By Taylor Chapman, 2013 Raleigh Summer Fellow
During the work week for Strong Home, the Strong Camp Raleigh team couldn’t help but notice the ironies laid out before us. We were planning for our last two weeks of camp where we would talk to our campers about healthy ways to sustain the earth, but we were noticing that we, as well as some of our campers, were facing difficulties at home. For some of us, it was that school was coming to an end, our leases were almost up, or we were soon to take jobs in other cities. For others, it was facing unsteady family dynamics, or wondering where we would lay our heads at night.
We began to ask ourselves how we should cover talking about the environmental crisis when so many of us were facing much more immediate crises of our own. Our solution was to create a class called “Heal My Home” where we would talk about differences among families locally and internationally, as well as what kinds of difficulties people face within their families and how to cope with those difficulties in a safe and empowering way.
As I was thinking about how I wanted to structure this class, I had the opportunity to travel home for the weekend to see my family for the first time in months. Coming from a very poor, rural area and a family that faces structural obstacles systemically as well as personally, I was interested to see what kinds of parallels I could draw from my own life to use within the curriculum of Heal My Home. I knew it would be difficult for me to talk about my family, but I wanted to show my campers that although I have come from a negative experience, I have used that experience in a way that has allowed me to live a more full and happy life.
When I woke at home the morning after I arrived, I was informed that a bridge near our house was flooded. I was worried about what that would mean for my family, their safety, and their ability to make it into town to access basic necessities. I drove down to the area where the flooding was happening, and after pausing for a moment to take everything in, I decided to get out my camera and take pictures of the flood. My heart was beating fast, because as I was documenting the flood, I was realizing how close it was to our house and how almost every road that leads into town was connected by a bridge. I found myself getting very emotional, unsure of what my family would do if the flooding got worse. Finally, I got all of the pictures and drove back home to be with my family. I played games with my brother and nephew, made them dinner, and we all went to bed.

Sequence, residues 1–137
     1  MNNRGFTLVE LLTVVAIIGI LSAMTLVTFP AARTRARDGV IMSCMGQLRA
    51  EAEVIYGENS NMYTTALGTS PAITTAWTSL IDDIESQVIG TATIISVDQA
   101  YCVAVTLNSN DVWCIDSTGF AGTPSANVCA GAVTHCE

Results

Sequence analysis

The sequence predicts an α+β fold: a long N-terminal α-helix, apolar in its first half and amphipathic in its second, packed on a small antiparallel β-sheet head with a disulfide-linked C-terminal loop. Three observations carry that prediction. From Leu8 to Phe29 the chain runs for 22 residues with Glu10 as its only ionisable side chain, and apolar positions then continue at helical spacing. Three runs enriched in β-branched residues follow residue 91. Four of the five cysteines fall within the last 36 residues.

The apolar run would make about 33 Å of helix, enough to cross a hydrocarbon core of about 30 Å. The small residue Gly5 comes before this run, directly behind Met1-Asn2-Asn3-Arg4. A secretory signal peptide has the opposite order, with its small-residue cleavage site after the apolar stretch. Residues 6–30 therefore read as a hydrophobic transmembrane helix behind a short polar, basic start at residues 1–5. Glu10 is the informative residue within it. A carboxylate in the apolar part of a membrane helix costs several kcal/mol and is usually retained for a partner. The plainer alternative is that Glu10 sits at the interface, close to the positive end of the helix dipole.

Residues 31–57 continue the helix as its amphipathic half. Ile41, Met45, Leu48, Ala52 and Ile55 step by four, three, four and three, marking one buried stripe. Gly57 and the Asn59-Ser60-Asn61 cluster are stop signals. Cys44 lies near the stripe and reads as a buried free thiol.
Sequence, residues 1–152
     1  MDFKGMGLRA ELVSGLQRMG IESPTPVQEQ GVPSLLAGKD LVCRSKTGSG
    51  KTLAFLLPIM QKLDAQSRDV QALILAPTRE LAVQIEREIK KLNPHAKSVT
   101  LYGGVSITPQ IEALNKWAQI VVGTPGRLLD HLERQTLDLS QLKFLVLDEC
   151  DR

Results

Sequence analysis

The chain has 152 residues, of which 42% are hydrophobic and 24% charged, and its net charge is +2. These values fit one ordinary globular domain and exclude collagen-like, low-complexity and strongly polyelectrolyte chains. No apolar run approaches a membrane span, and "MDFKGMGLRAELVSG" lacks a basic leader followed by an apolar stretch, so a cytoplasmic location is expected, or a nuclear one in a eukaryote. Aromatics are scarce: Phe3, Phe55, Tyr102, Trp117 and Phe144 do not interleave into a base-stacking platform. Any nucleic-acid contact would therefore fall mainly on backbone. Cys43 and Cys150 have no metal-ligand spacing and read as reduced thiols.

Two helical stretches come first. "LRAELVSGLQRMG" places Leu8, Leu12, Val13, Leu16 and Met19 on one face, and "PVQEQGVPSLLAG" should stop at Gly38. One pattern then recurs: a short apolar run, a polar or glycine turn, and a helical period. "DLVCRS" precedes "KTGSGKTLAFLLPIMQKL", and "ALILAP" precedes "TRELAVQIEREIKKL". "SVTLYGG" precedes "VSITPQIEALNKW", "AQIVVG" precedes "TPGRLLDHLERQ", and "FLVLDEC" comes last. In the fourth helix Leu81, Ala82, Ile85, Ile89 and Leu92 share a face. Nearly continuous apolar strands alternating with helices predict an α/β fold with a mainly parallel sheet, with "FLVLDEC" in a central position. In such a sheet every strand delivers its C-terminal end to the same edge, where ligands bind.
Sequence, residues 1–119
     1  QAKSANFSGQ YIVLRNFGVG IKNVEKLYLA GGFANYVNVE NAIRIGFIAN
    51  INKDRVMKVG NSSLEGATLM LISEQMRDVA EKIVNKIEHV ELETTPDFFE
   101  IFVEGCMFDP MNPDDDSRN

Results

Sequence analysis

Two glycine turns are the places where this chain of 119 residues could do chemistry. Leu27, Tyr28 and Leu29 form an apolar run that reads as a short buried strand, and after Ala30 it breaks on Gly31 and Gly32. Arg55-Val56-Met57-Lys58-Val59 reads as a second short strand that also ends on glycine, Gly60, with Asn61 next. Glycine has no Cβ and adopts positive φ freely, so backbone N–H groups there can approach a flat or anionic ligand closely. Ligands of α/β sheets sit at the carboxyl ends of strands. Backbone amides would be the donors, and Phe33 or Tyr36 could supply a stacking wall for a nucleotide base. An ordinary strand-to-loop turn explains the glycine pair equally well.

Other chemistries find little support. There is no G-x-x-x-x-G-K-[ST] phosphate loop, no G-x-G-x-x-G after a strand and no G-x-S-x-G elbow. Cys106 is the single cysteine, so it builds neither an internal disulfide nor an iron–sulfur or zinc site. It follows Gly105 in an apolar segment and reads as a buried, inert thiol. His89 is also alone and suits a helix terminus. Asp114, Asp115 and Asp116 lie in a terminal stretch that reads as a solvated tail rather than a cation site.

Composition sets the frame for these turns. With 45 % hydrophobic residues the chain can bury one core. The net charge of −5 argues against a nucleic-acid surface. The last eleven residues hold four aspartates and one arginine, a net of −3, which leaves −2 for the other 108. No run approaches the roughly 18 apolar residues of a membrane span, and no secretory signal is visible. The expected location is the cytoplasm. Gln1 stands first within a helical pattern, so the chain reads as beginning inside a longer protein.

As I was heading back to Raleigh the next morning, I saw that the water had gone down and that the bridge was no longer flooded. I don’t have any answers when it comes to knowing what my family would do in an emergency situation, but I do know that there are millions of other girls and women who live in conditions as bad as and worse than our own.
During Strong Home, I stressed to the girls that “home” takes many different shapes, sizes, and meanings. Some are good, some are bad, some are happy and safe, and some are not. I know that they know this because I know what some of them are going through. Regardless, I want them to take from this class the confidence of knowing that regardless of our situations, we are all sisters, and we are all in this together. At the end of the day, we are all each other’s Strong Homes, and we will do what it takes to help keep each other dry when the rivers start to rise.